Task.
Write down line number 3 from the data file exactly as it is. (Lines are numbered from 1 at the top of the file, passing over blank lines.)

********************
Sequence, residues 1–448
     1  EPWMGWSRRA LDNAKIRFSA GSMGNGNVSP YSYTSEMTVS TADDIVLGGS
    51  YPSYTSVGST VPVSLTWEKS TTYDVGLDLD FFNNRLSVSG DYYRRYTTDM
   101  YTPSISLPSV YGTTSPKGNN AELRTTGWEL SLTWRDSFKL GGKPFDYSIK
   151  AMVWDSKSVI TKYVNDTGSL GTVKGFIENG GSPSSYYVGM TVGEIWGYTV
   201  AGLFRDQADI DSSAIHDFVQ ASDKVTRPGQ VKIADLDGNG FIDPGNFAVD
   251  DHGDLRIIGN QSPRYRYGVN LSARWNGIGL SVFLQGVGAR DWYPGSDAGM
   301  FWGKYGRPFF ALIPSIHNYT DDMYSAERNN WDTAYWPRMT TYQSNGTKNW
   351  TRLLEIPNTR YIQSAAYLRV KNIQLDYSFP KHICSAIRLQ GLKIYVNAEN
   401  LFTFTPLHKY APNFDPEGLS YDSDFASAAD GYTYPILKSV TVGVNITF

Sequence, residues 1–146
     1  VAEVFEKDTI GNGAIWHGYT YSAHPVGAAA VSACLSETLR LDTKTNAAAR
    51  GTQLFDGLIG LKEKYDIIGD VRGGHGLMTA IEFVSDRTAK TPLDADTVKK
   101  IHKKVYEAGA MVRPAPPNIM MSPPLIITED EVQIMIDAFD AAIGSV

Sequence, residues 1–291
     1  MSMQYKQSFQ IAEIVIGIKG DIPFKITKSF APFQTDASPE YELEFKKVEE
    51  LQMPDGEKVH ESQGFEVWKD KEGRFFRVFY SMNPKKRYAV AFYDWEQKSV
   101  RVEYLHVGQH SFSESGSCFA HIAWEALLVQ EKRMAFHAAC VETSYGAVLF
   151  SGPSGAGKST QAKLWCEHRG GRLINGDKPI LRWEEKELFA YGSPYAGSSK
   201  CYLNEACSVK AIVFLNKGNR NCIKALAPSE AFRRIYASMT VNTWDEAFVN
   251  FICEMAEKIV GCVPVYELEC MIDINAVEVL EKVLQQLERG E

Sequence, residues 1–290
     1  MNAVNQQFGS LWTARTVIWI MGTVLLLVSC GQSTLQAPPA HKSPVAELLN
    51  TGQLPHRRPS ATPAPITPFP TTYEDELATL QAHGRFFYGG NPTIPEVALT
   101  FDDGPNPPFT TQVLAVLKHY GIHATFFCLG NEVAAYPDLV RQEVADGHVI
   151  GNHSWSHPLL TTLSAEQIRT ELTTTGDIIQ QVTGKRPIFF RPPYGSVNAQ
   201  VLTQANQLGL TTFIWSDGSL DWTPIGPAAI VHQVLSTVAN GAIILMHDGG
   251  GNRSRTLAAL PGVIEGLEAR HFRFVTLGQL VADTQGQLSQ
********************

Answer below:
    51  YPSYTSVGST VPVSLTWEKS TTYDVGLDLD FFNNRLSVSG DYYRRYTTDM